• Wyatt Pertuset, Capital University (Ohio, Division III) wide receiver and punter, senior. (Read his coming out story)

Capital went 0-10, but Pertuset ended his career with a distinction in 2018 of the being the first openly gay player to score a college football touchdown.

He is most proud that coming out allowed him to help other LGBTQ athletes. “I’ve gotten to talk to a lot of people because of it, telling me their stories and asking for advice,” he said. “It makes me happy to be able to help other people in any way possible.”

  • Cy Hicks, College of Idaho (NAIA) offensive lineman, sophomore. (Read his coming out story)

Hicks, openly gay, redshirted after season-ending surgery for a torn labrum. His Yotes’ team reached the NAIA playoffs.

  • Avery Saffold, Amherst College in Massachusetts (Division III) defensive back, senior. (Read his coming out story)

Saffold, openly gay, had 21 tackles and three interceptions for the 4-5 Mammoths. For his performance, he was named first-team all-conference for the New England Small College Athletic Conference.

“Everything good comes to an end,” Saffold wrote on Instagram after his team’s final game. “I’m thankful for the relationships and lessons learned along the way. Special thanks to all my Amherst family for a great 4 years.”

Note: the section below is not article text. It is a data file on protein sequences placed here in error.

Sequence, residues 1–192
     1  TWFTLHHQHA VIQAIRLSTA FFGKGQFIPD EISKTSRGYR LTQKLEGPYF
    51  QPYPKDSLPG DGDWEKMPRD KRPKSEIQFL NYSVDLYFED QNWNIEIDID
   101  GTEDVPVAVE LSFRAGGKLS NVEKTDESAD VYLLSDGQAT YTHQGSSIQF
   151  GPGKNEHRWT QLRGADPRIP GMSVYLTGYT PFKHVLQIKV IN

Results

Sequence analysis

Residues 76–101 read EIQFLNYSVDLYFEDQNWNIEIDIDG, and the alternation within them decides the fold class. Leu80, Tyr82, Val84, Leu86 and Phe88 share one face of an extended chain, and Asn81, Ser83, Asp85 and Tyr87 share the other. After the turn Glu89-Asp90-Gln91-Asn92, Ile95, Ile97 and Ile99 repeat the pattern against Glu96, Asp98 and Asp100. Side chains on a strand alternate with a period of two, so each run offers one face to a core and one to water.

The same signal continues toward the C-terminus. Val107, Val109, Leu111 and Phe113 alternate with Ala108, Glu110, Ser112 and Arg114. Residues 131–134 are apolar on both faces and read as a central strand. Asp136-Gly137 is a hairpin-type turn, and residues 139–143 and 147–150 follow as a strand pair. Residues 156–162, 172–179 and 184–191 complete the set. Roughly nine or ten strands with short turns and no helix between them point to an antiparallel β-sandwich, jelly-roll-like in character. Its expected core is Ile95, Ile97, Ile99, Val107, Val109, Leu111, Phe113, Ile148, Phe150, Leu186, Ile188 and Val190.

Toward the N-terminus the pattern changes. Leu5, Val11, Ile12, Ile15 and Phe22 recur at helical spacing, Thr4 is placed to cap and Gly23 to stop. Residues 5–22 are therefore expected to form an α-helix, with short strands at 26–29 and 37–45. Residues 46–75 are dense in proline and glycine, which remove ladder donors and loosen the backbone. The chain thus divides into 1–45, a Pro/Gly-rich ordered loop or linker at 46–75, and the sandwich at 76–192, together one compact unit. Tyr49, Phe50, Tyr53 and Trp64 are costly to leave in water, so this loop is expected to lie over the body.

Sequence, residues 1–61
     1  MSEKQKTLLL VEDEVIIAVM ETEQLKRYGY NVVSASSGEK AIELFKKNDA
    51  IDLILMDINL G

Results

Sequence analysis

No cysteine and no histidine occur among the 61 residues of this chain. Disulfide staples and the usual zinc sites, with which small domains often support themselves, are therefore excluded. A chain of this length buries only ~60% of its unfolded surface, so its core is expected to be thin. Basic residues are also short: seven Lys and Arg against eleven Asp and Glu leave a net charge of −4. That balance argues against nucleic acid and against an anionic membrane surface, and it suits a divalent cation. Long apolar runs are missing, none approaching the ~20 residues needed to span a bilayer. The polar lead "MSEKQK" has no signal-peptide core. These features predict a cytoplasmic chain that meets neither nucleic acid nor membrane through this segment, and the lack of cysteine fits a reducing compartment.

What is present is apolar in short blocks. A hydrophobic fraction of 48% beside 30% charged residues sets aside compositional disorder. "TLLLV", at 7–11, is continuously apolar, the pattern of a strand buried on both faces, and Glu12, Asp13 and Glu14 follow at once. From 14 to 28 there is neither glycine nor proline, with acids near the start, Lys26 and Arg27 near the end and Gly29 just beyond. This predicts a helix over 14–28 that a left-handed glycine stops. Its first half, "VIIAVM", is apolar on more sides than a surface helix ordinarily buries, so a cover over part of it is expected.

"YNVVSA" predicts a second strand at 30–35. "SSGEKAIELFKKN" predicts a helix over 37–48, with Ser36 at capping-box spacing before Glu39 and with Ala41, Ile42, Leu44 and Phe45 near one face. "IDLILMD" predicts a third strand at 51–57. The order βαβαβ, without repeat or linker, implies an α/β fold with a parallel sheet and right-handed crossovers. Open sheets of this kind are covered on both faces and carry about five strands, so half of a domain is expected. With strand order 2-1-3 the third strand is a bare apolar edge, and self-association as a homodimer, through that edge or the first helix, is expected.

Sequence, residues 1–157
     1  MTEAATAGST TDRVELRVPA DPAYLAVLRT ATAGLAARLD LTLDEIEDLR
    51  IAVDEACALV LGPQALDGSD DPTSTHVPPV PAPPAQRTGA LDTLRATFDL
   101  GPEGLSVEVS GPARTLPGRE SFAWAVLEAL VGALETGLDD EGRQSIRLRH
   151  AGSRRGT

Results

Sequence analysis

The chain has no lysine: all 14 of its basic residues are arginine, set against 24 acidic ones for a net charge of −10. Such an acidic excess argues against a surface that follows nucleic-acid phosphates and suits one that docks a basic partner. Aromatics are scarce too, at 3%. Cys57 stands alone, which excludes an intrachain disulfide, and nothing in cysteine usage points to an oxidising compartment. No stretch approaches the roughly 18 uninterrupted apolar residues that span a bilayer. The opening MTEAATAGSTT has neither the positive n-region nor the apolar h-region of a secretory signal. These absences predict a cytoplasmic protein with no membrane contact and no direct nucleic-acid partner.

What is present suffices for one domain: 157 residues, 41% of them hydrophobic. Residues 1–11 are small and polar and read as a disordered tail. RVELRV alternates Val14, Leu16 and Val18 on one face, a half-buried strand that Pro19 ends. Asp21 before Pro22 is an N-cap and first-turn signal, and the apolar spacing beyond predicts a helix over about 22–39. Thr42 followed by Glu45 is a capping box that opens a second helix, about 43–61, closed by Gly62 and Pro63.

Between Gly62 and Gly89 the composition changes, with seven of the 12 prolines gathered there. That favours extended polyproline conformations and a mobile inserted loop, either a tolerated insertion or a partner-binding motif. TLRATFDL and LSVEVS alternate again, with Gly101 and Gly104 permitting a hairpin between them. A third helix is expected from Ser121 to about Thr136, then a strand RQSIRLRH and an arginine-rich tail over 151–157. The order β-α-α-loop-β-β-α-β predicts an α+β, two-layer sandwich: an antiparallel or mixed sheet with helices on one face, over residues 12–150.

• Christian Zeitvogel, Kalamazoo College (Michigan Division III) offensive lineman, sophomore. (Read his coming out story)

Zeitvogel, who is gay, decided to end his football career at season’s end, citing a concussion he suffered in August and the desire to pursue his academic interests.

“I shouldn’t be devoting such time and energy to something that I am not fully invested in, and my team certainly does not deserve to have an anchor that only has one foot in the program,” he wrote me in an email.

In his coming out story, he talked about the reaction and how it was different than what he expected.

“Those whom I feared rejection from exceeded my expectations in their support for me; it was my own doubt and intolerance that made life intolerable.”

  • My-King Johnson, enrolled at New Mexico Military Institute, a junior college, after transferring from the University of Arizona. (Read his coming out story)

Johnson, openly gay, played in six games with seven tackles for New Mexico Military in his first game action in two years after sitting out his freshman season at Arizona. The team finished 6-5, which included a first-round win in their division playoffs.

Storrs led the Sagehens with 75 total tackles as Pomona-Pitzer finished 5-4. He reflected on the power of his team wearing the rainbow decals:

“The support and love I had gotten from all my Pomona-Pitzer team until that point had been incredible, yet this is something I’ll never forget.”

These eight were the only players who were publicly out about being gay or bi and my hope for 2020 is that they are joined by others.